Each year, Foth recognizes employee-members who go the extra mile providing selfless service to others by presenting them with the Community Service Award. This year’s award winner is senior project manager Todd Treat for his volunteer work to help build a church and community center for residents in Kenya, as well as a school in Haiti.
Todd and his family worked in an area called Tapsagoi, which is in the central western part of the country, about 60 miles east of the border with Uganda. Tapsagoi is in a mountainous and lush rural region, and due to security measures, Todd’s team traveled about 1.5 hours each way from their lodging to the worksite.
The community could be described as materially poor but rich in many other ways. Many of the residents had never seen people who looked like Todd and his family, and were especially interested in meeting their three young children.
Their team consisted of 12 people, led by a member of the African Missions Project who guides teams from the United States into Kenya to build tabernacle shelter churches for communities that would otherwise not have the means to build a building. By supplying building framing materials, erecting the framing structure and installing the metal roofing, the local community can continue to complete the structure, adding walls and flooring as they are able.
Todd’s professional experience as a project manager has introduced him to a vast variety of challenges, a few of which he and his team faced during this project. He recalled one in particular that he had not experienced previously or since. “One of the most interesting stories I have from the trip developed about 20 minutes after we arrived at the airport in Kisumu, Kenya. At this point, our group had been traveling for two days without stopping for adequate sleep. The country had just implemented strict COVID-19 protocols, including curfews and social distancing policies, and our team was unaware of the details.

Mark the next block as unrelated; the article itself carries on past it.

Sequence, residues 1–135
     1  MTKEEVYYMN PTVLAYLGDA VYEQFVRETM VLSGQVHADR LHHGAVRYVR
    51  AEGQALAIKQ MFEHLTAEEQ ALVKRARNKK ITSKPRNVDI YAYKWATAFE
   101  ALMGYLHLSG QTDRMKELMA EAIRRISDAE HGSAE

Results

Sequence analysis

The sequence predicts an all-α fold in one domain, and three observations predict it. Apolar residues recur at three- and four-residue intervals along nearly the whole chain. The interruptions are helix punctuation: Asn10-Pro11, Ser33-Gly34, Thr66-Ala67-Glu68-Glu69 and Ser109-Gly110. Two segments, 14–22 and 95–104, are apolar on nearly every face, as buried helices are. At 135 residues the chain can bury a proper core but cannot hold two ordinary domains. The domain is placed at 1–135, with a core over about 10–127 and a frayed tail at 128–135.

“As we passed one of the roadside police checkpoints, a local police officer stopped our van. Note that this van included our native driver, my family of five, and my sister in law and nephew. We were essentially one family. The officer said we were violating the social distancing policy because my two young children were sitting next to each other. We showed him our passports and that we all shared the same last name. He then asked if we could get him some tea. We told him that we were headed for breakfast and would gladly buy him some tea or breakfast. He got angry and frustrated. Speaking to our driver in Swahili, he told me to get in the front passenger seat and separated my two youngest children by one van seat. Then he left.
“What I later learned was that “give me some tea” actually means give me money. I guess that day we were too naïve and tired to understand his request for a bribe so he just let us go.”
Thank you, Todd and your family, for demonstrating Foth’s core values through your dedication to making a difference in the lives of others.
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